Recommendation 2. New modeling efforts that integrate geophysical, ecological, and social-science analyses should be developed to focus on investigating abrupt climate changes. In addition, new mechanisms that can cause abrupt climate change should be investigated, especially those operating during warm climatic intervals. Understanding of such mechanisms should be improved by developing and applying a hierarchy of models, from theory and conceptual models through models of intermediate complexity, to highresolution models of components of the climate system, to fully coupled earth-system models. Model-data comparisons should be enhanced by improving the ability of models to simulate changes in quantities such as isotopic ratios that record past climatic conditions. Modeling should be used to generate scenarios of abrupt climate change with high spatial and temporal resolution for assessing impacts and testing possible adaptations. Enhanced, dedicated computational resources will be required for such modeling.

Developing theoretical and empirical models to understand abrupt climate changes and the interaction of such changes with ecological and economic systems is a high priority. Modeling is essential for collaborative research between physical, ecological, and social scientists, and much more effort is needed to develop accurate models that produce a useful understanding of abrupt climate processes. Model analyses help to focus research on possible causes of abrupt climate change, such as human activities; on key areas where climatic thresholds might be crossed; and on fundamental uncertainties in climate-system dynamics. To date, most analyses have considered only gradual climate change; given the accumulating evidence of past abrupt climate change and of its capacity to affect human societies, more attention should be focused on scenarios involving abrupt change.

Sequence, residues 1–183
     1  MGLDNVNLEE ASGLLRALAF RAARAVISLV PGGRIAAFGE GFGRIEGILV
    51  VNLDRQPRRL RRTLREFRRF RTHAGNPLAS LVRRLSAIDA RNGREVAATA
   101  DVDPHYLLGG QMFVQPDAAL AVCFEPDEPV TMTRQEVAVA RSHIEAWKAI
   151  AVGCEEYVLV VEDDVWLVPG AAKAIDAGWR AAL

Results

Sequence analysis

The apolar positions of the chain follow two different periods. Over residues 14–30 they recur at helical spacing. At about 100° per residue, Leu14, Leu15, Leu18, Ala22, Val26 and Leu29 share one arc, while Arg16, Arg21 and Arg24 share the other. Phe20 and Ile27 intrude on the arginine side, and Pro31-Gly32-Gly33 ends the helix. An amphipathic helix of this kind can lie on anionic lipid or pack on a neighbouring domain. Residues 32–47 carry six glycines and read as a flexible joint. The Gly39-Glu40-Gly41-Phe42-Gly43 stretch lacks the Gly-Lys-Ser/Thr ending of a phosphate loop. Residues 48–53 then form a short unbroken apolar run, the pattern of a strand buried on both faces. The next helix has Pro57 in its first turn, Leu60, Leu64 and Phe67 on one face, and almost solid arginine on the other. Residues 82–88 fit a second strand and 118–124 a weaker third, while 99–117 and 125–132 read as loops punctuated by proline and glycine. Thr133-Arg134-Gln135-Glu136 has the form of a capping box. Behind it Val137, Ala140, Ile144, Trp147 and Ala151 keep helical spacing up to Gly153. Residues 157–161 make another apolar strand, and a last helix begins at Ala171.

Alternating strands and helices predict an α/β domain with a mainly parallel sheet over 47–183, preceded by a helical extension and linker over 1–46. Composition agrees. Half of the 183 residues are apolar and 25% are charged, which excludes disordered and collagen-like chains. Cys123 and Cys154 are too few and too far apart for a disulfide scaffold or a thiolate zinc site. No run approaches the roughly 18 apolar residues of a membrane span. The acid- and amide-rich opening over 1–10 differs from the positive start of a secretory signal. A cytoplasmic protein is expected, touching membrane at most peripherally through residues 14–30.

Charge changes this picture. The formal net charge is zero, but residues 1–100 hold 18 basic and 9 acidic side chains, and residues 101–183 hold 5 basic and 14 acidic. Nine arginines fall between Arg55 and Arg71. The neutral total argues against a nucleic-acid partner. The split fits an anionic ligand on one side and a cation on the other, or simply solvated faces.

Climate models that are used to test leading hypotheses for abrupt climate change, such as altered deep-ocean circulation, can only partially simulate the size, speed, and extent of the large climatic changes that have occurred. The failure to explain the climate record fully suggests either that the proposed mechanisms being used to drive these models are incomplete or that the models are not as sensitive to abrupt climate change as is the natural environment. It is also of concern that existing models do not accurately simulate warm climates of the past.

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